Pyrophobia refers to the overly acute fear of fire, sometimes to an irrationally intense scale.
It is one of the most ancient fears, as it is a regular response from animals to flee from and beware of fire.
This condition has most likely been part of humanity since the discovery of fire.
Animals cannot be deemed as “pyrophobic” as they are thought not to be able to understand the purpose of fire beyond danger and destruction.
A “pyrophobic” person will experience intense fear and possibly even panic, if in the presence of even a controlled fire, such as a stove, fireplace or even a lit candle.
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The condition is as old as the relationship between fire and humanity, though the term was created only around 1890.
It is comprised of the Greek words pyr, meaning fire and –phobia, meaning fear.
“Pyrophobia” is triggered by the life threatening nature of fire, though the condition usually lionks back to some traumatic childhood experience.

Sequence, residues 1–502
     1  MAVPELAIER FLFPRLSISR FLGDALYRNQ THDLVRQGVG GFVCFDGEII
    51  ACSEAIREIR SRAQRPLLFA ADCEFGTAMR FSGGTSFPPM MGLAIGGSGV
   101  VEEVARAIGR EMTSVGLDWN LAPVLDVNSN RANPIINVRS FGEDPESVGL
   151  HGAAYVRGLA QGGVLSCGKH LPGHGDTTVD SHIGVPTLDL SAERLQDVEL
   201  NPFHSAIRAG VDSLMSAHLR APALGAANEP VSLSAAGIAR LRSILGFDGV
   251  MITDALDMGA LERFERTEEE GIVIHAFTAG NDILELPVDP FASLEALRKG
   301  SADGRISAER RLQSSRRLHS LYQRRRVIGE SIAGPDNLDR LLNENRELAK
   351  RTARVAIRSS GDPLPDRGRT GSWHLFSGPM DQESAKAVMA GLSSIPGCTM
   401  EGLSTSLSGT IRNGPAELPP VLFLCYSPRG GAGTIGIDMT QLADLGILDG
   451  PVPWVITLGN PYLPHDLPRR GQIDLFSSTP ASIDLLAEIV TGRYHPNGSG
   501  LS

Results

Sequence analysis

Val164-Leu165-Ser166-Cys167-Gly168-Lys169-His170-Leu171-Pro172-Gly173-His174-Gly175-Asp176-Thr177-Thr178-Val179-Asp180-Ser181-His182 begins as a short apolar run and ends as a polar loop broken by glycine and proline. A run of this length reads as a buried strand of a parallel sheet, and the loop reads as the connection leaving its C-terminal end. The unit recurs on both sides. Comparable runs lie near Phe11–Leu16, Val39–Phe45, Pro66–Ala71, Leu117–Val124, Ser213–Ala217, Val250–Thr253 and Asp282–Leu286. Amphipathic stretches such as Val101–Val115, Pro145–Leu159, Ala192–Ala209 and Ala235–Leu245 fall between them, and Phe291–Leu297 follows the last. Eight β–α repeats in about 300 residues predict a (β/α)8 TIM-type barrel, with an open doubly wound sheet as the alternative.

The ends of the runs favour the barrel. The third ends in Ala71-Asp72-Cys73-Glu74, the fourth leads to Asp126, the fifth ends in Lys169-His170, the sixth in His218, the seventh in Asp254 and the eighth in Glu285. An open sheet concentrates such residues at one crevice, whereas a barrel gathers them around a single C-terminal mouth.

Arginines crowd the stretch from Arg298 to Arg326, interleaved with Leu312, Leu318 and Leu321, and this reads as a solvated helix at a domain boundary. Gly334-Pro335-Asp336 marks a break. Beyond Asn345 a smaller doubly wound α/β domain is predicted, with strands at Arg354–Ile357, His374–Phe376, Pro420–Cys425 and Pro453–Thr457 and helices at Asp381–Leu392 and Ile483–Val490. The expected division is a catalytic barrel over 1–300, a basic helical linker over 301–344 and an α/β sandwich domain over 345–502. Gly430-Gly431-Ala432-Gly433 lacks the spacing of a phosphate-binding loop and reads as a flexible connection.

Spread and Usage
The condition is rather common among humans, regarding the primal nature of a fear from fire this is appearing as an evolutionary fear.
The treatment of the condition includes exposure therapy, where the patient is shown fires, in an increasing size, ranging from cigarettes, matches to stoves or grill flames.
Another way of treatment is by medication, though the risk of addiction is present with this method.
- Healthline – Understanding the Fear of Fire